A father who lost his son to a heroin overdose is calling for the decriminalisation of drug use, urging the Turnbull government to focus on policies that keep drug users alive rather than throw them in jail.
Tony Trimingham, founder of Family Drug Support Australia, is calling for a new approach to drug policy that, while not necessarily popular with voters, will save lives.
In recommendations to be handed to Rural Health Minister Fiona Nash on Wednesday, he says government should focus on harm reduction strategies like injecting centres, drug consumption rooms, prescription heroin and pill testing at music festivals.
“I don’t think they’re ready to go there,” Mr Trimingham told AAP.
“But it’s only a matter of time.”
Mr Trimingham’s son Damien died from a heroin overdose in 1997, prompting him to establish a 24-hour advice line, as well as courses and support groups for families of drug users.
Supporting drug use is the last thing families want, but criminalising it just adds further stress to users and their families, he said.
Mr Trimingham says heroin use appears to be on the rise with his advice line receiving a spike in calls.
Calls about ice had doubled in the past two years, but he believes recent focus on the drug has been overblown by government, media and some police.
“We know the drug that causes far more problems, far more stress is alcohol – it’s 10 times the damage caused by ice.”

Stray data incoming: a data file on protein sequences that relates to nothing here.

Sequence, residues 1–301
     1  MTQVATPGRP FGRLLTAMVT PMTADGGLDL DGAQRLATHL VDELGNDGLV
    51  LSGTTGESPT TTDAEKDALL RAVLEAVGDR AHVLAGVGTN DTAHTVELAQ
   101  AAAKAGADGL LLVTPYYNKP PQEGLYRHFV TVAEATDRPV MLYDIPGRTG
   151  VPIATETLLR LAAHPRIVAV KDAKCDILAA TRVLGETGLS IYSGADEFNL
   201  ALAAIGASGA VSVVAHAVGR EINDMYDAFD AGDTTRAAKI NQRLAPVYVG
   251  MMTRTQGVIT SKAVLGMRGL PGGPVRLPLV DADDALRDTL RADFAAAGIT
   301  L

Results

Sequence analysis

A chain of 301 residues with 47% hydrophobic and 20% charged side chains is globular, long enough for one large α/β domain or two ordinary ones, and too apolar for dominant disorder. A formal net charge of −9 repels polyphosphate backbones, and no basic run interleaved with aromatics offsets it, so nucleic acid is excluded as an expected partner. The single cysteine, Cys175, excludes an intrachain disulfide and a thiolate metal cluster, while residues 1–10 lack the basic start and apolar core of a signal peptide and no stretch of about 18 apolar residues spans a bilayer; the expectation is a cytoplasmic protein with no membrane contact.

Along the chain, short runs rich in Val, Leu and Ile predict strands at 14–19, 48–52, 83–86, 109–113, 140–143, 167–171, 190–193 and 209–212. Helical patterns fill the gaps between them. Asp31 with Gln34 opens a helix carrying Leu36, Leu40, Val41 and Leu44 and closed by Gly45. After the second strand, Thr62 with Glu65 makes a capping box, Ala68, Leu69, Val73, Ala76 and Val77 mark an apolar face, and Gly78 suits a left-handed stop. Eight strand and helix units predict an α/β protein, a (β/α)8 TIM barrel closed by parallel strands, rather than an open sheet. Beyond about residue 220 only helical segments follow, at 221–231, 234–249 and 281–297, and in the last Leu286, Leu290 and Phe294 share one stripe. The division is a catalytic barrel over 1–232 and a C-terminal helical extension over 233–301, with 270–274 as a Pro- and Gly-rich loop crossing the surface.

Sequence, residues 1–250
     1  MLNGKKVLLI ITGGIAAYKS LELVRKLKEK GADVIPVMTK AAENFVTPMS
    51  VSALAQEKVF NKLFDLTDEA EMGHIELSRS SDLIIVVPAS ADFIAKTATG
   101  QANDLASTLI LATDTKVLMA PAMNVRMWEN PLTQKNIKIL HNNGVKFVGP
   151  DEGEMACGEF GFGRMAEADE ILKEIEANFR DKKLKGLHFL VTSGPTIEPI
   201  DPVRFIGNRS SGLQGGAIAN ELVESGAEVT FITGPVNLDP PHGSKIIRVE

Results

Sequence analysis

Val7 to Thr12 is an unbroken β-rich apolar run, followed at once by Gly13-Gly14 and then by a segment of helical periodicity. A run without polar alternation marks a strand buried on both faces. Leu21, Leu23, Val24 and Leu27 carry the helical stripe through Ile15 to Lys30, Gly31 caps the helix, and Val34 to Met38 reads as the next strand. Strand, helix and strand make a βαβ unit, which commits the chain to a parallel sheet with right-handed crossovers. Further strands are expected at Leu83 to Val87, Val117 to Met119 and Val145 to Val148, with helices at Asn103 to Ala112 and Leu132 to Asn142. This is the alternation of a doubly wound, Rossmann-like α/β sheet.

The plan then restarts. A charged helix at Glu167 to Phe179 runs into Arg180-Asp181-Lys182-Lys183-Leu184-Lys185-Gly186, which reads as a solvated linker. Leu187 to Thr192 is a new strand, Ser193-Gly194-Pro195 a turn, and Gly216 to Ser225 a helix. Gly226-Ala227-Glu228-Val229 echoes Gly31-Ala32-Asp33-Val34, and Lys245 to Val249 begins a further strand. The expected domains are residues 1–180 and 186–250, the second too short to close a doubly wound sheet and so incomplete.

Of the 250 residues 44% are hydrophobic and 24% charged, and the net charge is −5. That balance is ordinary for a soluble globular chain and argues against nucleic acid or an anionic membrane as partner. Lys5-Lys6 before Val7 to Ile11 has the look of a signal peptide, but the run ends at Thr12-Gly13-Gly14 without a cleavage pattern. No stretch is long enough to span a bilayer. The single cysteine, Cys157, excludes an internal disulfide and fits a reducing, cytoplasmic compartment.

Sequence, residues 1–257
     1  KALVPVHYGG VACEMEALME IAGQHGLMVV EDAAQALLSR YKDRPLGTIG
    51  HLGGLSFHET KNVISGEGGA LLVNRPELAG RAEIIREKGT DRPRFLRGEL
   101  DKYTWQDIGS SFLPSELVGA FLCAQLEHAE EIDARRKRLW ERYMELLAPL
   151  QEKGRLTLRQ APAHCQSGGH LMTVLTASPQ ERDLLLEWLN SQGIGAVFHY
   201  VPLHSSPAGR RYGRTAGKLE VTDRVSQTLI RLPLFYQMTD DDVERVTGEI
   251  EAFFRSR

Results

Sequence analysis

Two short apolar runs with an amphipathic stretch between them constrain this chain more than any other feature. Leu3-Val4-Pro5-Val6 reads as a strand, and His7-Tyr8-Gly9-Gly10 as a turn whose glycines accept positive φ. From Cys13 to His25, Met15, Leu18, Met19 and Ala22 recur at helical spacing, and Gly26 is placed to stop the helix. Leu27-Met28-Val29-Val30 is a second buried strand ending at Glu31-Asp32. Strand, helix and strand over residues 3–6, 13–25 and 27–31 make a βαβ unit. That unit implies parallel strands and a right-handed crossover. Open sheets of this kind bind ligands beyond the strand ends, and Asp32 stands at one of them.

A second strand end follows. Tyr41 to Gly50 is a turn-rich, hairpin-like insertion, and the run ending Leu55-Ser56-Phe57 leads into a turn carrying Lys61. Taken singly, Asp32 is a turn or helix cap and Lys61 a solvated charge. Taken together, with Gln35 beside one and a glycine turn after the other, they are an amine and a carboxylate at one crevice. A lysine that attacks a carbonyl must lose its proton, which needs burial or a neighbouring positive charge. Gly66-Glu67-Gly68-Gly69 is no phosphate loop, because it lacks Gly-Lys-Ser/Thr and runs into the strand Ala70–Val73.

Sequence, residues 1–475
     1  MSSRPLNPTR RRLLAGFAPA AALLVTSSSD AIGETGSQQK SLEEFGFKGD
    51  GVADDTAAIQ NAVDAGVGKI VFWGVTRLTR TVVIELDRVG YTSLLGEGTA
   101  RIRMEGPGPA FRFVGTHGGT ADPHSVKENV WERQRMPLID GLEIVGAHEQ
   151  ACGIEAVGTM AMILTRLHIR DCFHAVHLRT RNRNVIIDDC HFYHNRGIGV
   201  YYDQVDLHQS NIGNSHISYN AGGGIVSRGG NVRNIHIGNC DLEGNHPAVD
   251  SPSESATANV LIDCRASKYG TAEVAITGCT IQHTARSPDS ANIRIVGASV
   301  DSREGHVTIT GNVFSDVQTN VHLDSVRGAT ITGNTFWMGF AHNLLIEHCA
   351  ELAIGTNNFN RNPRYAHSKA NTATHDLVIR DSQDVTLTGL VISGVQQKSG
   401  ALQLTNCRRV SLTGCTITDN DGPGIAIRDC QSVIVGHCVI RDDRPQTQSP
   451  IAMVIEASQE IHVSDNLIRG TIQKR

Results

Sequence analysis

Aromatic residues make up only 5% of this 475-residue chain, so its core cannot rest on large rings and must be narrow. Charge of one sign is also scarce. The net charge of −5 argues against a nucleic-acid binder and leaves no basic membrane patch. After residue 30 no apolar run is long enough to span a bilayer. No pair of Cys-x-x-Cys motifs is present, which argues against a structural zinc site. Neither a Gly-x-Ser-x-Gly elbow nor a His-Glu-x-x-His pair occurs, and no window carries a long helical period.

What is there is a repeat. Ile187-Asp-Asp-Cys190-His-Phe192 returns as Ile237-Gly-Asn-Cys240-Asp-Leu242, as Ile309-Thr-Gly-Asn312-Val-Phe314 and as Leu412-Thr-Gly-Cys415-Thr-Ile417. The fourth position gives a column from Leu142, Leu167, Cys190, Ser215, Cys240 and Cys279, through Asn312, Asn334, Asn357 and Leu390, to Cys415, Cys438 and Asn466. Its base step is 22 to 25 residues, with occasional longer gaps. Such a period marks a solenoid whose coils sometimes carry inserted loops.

The federal government in December announced a $300 million plan to tackle ice, backing all 38 recommendations of its National Ice Taskforce.
Mr Trimingham says it’s still unclear where the money is going to go, but he hopes it isn’t wasted on measures that don’t work.
He slammed the government’s Ice Destroys Lives television advertisements as a scare campaign that instilled fear in families by showing extreme examples of ice users.
“They see those adverts and they think that’s what’s going to happen to them.
“It’s not true. It’s not an accurate picture.”
* Policy focus on reducing drug fatalities (pill testing, injecting centres)
* Directing more money from the drug budget to harm reduction and treatment services
* Decriminalisation of drug use, treating it as a health issue, not a crime issue
* Consultation of families when developing and implementing drug policies and programs
* Recognition and resources for family support in tackling drug and alcohol use